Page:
appointed were of a character of citizens
entitled te be appointed for that service.
He wanted te say further that the appoin
tee (Marshal Kerns) hail been confirmed
ever his written pretest.
Mr. O'Neill. That only shows hew Sen Sen
aeor Wallace performs his duty tewaids a
gentleman worthy of his support.
Mr. Cox expressed himself as opposed te
every form of recognition of special deputy
marshals. He had opposed the bill origi
nally by which they had been placed around
the polls. Referring te the election in
Philadelphia, he declared that there had
been 20,000 fraudulent registered voters.
Mr. O'Neill. That has been utterly lis
proved time and again.
Mr. Cox declared that in Philadelphia all
was rottenness. He declared again that
he was opposed te recognizing federal su
pervision ever elections. He had voted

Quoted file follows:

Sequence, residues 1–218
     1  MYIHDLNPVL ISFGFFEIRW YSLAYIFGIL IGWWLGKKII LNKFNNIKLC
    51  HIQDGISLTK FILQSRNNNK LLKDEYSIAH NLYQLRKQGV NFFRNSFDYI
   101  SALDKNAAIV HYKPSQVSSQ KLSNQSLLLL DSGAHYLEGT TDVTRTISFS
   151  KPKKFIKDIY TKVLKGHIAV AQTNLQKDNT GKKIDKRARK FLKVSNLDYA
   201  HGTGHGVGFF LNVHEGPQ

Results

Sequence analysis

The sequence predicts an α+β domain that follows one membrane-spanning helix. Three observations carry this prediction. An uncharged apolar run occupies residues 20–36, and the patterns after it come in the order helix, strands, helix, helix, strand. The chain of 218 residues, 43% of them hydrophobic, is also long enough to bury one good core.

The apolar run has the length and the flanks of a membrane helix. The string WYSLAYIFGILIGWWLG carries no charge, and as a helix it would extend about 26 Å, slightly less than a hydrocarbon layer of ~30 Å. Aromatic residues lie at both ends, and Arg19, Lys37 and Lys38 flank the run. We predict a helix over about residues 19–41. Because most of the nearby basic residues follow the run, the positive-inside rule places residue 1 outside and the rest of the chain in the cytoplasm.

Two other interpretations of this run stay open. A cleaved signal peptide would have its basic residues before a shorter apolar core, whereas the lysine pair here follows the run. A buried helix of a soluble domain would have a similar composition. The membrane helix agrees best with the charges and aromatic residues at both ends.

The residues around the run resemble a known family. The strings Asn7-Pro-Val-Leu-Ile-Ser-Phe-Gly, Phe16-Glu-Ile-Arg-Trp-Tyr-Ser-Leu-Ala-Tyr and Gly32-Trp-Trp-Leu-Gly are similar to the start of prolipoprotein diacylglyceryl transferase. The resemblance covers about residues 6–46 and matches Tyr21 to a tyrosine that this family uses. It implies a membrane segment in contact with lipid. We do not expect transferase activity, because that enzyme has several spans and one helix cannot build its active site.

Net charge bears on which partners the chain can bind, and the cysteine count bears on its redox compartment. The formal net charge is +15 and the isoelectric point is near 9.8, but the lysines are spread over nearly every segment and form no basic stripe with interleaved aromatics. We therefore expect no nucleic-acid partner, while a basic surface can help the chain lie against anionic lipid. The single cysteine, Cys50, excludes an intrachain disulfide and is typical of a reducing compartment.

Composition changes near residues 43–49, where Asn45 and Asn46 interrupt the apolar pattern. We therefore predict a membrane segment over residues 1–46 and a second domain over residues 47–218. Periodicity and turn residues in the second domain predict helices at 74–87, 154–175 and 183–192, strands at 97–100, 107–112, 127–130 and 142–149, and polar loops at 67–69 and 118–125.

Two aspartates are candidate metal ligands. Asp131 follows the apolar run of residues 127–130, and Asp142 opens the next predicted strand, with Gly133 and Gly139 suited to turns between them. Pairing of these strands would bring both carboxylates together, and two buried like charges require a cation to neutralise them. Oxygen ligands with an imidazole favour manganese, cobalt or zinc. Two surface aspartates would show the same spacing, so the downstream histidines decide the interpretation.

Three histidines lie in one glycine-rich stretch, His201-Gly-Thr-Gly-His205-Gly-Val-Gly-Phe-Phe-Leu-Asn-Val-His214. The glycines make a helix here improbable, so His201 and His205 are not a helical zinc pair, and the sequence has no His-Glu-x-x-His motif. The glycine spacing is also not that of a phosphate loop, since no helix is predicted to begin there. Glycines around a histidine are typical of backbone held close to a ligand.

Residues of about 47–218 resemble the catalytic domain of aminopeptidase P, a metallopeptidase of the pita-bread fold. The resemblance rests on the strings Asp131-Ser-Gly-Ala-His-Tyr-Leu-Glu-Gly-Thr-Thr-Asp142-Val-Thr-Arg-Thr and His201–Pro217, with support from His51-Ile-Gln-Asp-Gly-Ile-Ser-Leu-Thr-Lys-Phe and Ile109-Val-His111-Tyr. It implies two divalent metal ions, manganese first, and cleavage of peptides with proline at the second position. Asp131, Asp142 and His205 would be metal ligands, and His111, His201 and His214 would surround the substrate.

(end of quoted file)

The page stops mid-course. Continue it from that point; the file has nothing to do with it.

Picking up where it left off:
against the original bill because he knew
it was unconstitutional. Derisive laugh
ter en the Republican side.
"Smile en," said Mr. Cox; "crackle
your thorns under the pet. The supreme
court had said that there was no such a
thing as a federal election. Fer one, I will
net place the supreme ceuit, as new
packed, partisan and demoralized, above
the popular branch of the Legislature of
the country. Applause en the Demo
Kerns Should Have Been Krjecteri.
In the face of the testimony taken by
the Wallace committee it is idle te say
that these officials were fit for their pesi
tiens or had in respect the confidence of
this community. It is equally clear that
having made these appointments Marshal
Kerns's nomination ought net te have brcn
LATEST NEWS BY MAIL.
Samuel II. Myers was hanged at Dallas,
Texas, yesterday, for the murder of his
Parsons, "the Aven murderer," was
hanged yesterday in Rochester, N. Y. He
asserted that he was innocent
A fire at Pcnn Yan, N. Y en Thursday
night, destroyed the Plaistcd block, Wag
ner house and seme ether buildings. Less,
The state engineer of Louisiana does net
fear any serious overflow in the Mississip
pi until the water reaches the 1874 mark.